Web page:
Ever since the novel coronavirus spread to the United States in March, the global financial market has seen drastic fluctuations, with the dollar index continuing to fall and gold prices continuing to rise, hitting a record high of $1,975.7 per ounce on Tuesday.
As the bubbles in the US stock market become increasingly obvious, gold has become a preferred haven for capital flows. Investment banks have raised their bullish forecast for gold, with the Bank of America pricing gold at $3,000 per ounce over the next 18 months.
Pessimism about the US economy and the dollar has spurred further fund flows to the gold market, with inflows of gold exchange-traded fund hitting a record $40 billion in the first half of this year, eight times higher year-on-year.
As global central banks' rescue policies push market interest rates lower, more funds are expected to flow into the gold market. Recent fast rises in gold prices are largely related to capital continuing to short the dollar, due to mounting uncertainties such as the US' intensifying conflict with China, increasing concerns over the US' inability to contain the pandemic, uncertainties over its presidential election in November, and growing expectations that the Federal Reserve will cut interests.
While the US is failing to effectively control the spread of the pandemic, the US Treasury Department is planning new financial relief measures, which means that while production and imports are heavily affected, excessive liquidity is being injected into the market, increasing the possibility of inflation and even stagflation.
For a long time, US government bonds have been viewed as a haven for funds during an economic downturn, and the US dollar maintained a strong position globally. But this time, the market has made a non-dollar choice, proof that a weak dollar is perhaps not a short-term phenomenon.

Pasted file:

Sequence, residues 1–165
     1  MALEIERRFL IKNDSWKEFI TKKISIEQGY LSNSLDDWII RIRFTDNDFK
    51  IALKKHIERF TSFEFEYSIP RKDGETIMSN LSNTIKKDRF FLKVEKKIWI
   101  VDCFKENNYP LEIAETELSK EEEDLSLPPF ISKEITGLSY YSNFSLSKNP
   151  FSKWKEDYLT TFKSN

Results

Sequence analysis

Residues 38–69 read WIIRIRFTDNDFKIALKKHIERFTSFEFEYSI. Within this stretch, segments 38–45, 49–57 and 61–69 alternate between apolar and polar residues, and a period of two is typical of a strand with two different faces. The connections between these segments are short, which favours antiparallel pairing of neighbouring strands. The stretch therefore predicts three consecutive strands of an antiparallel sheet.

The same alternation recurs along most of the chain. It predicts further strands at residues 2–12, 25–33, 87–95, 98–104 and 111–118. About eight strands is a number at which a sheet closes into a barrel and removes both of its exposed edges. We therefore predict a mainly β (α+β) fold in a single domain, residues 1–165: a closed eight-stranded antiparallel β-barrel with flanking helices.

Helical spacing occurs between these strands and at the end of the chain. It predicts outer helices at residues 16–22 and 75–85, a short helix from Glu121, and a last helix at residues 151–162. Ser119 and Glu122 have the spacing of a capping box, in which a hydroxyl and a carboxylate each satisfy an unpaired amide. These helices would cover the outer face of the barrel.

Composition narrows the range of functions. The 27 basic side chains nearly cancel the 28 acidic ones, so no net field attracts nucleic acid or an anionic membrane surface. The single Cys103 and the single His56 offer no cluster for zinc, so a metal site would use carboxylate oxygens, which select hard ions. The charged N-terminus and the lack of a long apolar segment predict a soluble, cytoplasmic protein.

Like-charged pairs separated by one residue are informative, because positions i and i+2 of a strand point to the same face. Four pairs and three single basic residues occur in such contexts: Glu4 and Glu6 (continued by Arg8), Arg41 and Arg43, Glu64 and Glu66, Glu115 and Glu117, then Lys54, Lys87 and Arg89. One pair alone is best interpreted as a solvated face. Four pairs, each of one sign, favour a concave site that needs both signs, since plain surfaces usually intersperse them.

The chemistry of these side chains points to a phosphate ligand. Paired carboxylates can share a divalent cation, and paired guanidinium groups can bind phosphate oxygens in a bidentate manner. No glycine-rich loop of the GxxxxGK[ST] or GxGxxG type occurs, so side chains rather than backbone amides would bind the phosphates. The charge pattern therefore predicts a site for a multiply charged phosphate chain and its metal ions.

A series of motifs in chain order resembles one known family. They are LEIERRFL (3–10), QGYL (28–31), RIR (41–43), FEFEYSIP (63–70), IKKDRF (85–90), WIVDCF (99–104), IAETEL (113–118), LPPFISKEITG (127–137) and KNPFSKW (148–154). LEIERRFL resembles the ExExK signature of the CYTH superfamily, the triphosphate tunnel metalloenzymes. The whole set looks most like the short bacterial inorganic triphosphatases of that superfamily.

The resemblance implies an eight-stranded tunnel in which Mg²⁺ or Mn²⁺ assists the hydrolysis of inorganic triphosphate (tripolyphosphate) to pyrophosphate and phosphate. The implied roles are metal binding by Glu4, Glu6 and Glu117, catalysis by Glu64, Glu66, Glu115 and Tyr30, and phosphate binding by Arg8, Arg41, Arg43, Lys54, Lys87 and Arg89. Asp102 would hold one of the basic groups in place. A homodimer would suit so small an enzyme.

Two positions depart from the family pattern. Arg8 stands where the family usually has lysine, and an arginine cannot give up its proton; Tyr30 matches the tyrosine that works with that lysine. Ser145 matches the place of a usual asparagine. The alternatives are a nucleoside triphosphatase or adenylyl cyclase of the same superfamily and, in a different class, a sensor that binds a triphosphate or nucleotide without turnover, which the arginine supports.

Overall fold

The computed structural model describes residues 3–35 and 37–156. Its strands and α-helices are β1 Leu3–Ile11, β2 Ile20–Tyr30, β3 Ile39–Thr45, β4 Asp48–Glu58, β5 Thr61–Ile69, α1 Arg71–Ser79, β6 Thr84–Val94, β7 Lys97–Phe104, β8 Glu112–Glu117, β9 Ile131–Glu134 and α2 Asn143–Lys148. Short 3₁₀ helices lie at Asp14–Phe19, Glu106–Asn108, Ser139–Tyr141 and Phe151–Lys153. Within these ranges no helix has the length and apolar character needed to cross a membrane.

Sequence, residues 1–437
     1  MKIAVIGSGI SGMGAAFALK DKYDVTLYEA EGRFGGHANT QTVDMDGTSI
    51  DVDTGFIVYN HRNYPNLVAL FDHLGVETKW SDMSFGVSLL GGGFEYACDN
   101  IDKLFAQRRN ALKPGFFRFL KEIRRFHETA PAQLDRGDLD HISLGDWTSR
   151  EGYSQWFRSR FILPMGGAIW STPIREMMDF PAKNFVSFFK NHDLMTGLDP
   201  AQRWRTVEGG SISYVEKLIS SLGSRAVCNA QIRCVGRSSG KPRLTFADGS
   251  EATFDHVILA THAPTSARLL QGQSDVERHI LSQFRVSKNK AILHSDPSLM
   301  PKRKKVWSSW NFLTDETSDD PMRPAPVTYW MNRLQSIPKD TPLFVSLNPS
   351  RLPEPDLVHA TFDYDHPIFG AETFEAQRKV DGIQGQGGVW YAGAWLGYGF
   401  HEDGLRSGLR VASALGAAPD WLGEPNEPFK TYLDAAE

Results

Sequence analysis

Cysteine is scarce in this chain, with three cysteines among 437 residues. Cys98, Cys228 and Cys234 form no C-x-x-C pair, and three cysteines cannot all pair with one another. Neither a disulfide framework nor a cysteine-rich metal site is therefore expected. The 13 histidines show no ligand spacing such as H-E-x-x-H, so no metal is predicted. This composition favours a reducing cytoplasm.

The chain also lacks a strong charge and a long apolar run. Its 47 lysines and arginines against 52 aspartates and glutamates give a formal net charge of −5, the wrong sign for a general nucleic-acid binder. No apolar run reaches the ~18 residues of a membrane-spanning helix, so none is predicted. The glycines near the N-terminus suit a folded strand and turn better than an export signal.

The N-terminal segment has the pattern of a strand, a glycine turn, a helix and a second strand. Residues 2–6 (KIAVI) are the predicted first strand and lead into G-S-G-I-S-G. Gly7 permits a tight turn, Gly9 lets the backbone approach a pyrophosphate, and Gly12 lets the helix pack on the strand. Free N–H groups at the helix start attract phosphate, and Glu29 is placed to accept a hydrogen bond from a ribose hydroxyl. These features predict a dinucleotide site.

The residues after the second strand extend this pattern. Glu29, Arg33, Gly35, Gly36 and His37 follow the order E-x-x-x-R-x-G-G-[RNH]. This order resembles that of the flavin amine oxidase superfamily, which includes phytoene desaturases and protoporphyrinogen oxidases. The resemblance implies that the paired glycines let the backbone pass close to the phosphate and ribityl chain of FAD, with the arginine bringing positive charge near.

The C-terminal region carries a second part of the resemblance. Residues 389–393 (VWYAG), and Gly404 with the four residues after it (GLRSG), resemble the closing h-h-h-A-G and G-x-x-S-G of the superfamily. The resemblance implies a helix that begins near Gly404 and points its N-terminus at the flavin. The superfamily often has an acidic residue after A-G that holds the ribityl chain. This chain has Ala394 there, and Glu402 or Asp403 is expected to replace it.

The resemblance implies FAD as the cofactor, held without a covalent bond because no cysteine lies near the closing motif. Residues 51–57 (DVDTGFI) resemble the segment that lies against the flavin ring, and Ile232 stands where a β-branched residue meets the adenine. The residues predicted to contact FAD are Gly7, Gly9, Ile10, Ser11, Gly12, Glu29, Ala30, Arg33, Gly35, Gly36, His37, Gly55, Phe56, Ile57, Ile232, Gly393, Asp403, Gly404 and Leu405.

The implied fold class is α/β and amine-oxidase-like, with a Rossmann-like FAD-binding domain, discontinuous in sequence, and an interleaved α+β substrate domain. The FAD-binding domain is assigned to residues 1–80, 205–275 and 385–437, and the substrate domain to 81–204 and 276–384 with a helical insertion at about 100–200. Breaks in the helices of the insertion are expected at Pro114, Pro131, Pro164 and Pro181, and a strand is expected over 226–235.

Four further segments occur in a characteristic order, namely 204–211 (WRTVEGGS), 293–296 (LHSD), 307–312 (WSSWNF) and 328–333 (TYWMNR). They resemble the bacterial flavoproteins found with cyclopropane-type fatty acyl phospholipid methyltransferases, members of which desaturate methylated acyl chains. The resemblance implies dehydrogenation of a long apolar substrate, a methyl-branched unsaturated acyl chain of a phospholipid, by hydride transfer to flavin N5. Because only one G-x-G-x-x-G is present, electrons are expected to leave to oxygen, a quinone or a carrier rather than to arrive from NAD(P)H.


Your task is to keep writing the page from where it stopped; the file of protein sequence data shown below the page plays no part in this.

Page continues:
Compared with China and Europe which have largely contained the pandemic and are gradually restoring their economies, there is no sign that the US will follow suit. The World Bank and the International Monetary Fund both predict that China will be the only large economy to realize economic growth this year.
And with continuous interest rate cuts by the Federal Reserve and the decline in US government bond yields, the bond yield gap between the US and the European Union has narrowed.
As the EU launches an enormous fiscal program for economic recovery in the eurozone, the European economy is expected to accelerate recovery, which will enrich the choice of safe assets and investors around the world for major central banks.
This, coupled with the increased flow of overseas funds into Chinese bonds and equities, means safer European and Chinese assets could perpetuate the dollar's weak status.